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Ksar Akil is one of the most important Palaeolithic sites in Eurasia. It consists of a 23 metre deep sequence of archaeological layers that lay undisturbed for thousands of years until a team of American Jesuit priests excavated the rockshelter in 1937-38, and again after the end of the WWII, in 1947-48
Approximately 50 ka, one or more subgroups of modern humans expanded from Africa to populate the rest of the world. Significant behavioral change accompanied this expansion, and archaeologists commonly seek its roots in the African Middle Stone Age (MSA; ∼200 to ∼50 ka). Easily recognizable art objects and “jewelry” become common only in sites that postdate the MSA in Africa and Eurasia, but some MSA sites contain possible precursors, especially including abstractly incised fragments of ocher and perforated shells interpreted as beads. These proposed art objects have convinced most specialists that MSA people were behaviorally (cognitively) modern, and many argue that population growth explains the appearance of art in the MSA and its post-MSA florescence. The average size of rocky intertidal gastropod species in MSA and later coastal middens allows a test of this idea, because smaller size implies more intense collection, and more intense collection is most readily attributed to growth in the number of human collectors. Here we demonstrate that economically important Cape turban shells and limpets from MSA layers along the south and west coasts of South Africa are consistently and significantly larger than turban shells and limpets in succeeding Later Stone Age (LSA) layers that formed under equivalent environmental conditions. We conclude that whatever cognitive capacity precocious MSA artifacts imply, it was not associated with human population growth. MSA populations remained consistently small by LSA standards, and a substantial increase in population size is obvious only near the MSA/LSA transition, when it is dramatically reflected in the Out-of-Africa expansion.
Excavations of Neanderthal sites more than 40,000 years old have uncovered a kind of tool that leather workers still use to make hides more lustrous and water resistant. The bone tools, known as lissoirs, had previously been associated only with modern humans. The latest finds indicate that Neanderthals and modern humans might have invented the tools independently.
Prehistoric dots and crimson hand stencils on Spanish cave walls are now the world's oldest known cave art, according to new dating results—perhaps the best evidence yet that Neanderthals were Earth's first cave painters.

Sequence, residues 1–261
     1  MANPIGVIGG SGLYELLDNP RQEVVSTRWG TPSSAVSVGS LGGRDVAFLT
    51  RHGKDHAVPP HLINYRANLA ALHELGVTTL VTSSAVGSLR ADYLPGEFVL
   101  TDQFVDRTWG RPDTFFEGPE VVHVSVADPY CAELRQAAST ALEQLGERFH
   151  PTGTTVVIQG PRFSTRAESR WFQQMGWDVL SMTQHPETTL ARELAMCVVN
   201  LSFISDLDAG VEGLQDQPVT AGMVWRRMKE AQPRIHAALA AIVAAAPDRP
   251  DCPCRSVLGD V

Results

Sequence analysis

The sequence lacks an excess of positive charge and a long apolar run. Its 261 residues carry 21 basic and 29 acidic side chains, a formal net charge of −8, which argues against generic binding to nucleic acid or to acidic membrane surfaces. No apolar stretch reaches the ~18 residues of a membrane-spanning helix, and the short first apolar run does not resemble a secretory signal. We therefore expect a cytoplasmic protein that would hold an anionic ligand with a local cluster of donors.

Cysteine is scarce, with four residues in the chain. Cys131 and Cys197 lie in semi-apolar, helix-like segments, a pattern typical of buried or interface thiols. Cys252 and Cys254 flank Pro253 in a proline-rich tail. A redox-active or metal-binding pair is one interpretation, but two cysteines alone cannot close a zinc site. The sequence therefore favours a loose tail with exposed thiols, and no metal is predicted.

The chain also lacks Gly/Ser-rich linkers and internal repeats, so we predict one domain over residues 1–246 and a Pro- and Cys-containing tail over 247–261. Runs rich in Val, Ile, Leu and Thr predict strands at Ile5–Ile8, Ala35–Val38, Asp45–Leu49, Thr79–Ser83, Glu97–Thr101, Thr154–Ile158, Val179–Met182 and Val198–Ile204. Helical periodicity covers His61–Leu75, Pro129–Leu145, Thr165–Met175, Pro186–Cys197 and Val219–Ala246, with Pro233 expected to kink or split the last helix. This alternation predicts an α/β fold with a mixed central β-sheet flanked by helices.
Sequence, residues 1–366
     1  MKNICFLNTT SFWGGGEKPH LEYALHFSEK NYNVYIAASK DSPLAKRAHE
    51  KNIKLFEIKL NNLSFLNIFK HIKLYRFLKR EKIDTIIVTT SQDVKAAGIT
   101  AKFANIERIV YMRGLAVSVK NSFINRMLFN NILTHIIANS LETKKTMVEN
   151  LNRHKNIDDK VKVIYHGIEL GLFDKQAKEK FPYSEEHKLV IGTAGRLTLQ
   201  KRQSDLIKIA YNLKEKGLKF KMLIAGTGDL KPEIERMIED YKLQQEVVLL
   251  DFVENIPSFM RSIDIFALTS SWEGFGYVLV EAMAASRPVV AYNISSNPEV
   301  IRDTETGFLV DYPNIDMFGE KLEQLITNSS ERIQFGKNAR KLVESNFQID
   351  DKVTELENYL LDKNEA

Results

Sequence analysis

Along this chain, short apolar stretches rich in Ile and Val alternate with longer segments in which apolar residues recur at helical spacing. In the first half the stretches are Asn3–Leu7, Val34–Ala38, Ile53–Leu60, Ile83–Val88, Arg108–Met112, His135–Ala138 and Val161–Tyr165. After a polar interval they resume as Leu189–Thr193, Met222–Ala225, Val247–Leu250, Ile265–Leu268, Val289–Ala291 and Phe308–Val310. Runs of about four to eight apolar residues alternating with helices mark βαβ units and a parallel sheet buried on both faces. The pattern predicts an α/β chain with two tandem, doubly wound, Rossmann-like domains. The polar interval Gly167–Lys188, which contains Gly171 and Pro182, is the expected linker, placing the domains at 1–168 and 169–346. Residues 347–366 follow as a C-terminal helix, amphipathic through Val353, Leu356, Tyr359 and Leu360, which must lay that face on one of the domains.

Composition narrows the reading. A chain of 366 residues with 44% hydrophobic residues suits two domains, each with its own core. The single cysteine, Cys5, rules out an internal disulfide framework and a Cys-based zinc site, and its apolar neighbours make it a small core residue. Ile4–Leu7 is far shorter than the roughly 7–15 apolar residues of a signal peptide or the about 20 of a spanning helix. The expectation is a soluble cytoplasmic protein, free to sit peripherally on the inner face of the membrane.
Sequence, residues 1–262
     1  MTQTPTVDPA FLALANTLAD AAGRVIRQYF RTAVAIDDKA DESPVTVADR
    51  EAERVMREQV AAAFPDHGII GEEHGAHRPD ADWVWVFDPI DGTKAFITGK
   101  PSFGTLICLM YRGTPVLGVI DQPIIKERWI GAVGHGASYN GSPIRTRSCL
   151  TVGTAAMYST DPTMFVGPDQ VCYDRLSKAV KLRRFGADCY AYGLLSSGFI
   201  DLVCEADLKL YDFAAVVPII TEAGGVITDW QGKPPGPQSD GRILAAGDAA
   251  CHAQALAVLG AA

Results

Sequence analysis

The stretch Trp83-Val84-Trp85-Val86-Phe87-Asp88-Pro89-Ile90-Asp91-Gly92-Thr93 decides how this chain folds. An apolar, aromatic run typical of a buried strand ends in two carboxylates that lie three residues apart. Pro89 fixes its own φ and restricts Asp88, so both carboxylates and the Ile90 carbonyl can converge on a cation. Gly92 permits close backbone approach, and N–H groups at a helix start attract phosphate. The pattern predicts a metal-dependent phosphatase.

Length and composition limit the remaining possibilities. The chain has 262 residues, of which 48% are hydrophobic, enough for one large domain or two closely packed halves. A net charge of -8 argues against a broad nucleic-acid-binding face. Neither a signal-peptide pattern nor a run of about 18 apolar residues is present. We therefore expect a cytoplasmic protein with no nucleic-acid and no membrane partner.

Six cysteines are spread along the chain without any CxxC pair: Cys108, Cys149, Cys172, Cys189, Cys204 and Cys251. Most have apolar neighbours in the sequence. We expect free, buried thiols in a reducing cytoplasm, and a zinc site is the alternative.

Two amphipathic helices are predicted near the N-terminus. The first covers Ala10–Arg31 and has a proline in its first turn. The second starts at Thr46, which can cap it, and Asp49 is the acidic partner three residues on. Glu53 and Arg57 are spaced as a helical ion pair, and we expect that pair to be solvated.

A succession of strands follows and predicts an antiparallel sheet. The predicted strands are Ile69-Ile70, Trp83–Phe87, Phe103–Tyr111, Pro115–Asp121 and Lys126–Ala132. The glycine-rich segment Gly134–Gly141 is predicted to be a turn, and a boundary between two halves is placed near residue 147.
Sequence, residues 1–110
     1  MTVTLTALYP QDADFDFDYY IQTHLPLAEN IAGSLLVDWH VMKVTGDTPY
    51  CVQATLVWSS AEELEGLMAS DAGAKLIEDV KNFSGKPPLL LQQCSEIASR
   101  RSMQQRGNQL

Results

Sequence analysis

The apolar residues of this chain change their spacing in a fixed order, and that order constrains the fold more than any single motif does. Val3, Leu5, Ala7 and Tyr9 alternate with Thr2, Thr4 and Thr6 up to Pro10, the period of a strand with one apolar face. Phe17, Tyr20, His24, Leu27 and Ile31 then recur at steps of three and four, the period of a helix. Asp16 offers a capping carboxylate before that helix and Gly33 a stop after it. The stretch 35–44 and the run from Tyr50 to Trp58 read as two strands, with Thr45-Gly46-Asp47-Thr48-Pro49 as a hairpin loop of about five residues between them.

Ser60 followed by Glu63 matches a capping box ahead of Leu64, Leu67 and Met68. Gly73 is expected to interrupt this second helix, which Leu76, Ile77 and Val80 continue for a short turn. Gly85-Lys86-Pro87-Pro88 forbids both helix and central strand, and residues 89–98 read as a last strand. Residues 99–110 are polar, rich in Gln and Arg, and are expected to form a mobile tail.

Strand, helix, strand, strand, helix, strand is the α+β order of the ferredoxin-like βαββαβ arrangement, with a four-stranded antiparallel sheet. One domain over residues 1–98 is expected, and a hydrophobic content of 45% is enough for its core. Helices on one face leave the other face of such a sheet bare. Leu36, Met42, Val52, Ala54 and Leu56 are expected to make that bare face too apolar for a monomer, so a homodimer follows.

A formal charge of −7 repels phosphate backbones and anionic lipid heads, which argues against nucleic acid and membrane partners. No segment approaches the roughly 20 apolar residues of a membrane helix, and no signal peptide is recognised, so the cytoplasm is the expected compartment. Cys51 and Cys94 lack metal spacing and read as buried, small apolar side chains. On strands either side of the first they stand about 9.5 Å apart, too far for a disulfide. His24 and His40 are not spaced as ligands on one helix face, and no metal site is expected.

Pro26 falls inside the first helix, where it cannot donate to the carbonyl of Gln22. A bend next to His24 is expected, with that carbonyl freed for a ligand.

If that's the case, the discovery narrows the cultural distance between us and Neanderthals—and fuels the argument, at least for one scientist, that the heavy-browed humans were not a separate species but only another race.
Significant changes in human behaviour, cognition and innovation become sharply evident in the archaeological record of Eurasia at 45,000 years BP and demarcate the end of the Middle Palaeolithic and the onset of the Upper Palaeolithic period. The material cultures associated with the latter include the so-called “transitional” technocomplexes (e.g., the Châtelperronian of Franco-Cantabria, the Uluzzian of Italy and the Bachokirian of Bulgaria), and the subsequent Early Upper Palaeolithic (EUP) technocomplexes, namely the (Proto- and Early) Aurignacian found throughout the continent. In the Eastern Mediterranean region (hereafter, the Levant) the earliest Upper Palaeolithic includes the Emiran and Initial Upper Palaeolithic (IUP) entities, and the succeeding EUP, locally known as the Early Ahmarian, technocomplex. When compared to the Middle Palaeolithic record, these technocomplexes exhibit technological and typological diversification in stone tools made on blades, occasional production of organic implements from bone and antler, and importantly, the sudden appearance of personal ornamentation in the form of marine shell beads. These were not part of the behavioural package of previous human populations (Neanderthals) living in the same region.
reply to post by peter vlar
Hey peter v
I think a lot has to do with which population is being discussed. Like you said in the Levant ,tool tech is definitely somewhat behind the times, while in Europe we have HSN doing stuff that would be considered culturally modern, artt and music, and a sense of self identify and individualism with the use of body decoration and the use of jewelly.
What is interesting is that while "modern"humans spread around the wolrd, cultural modernity shows up in a somewhat patchy fashion not at all related to actual movement of people.
As I mentioned in my reply to Hans , I've done some reading that has changed my views somewhat, specifically some of the skeletal morphologies that are associated to "archaic" humans might actually be evolutionary adaptations to environment and lifestyle.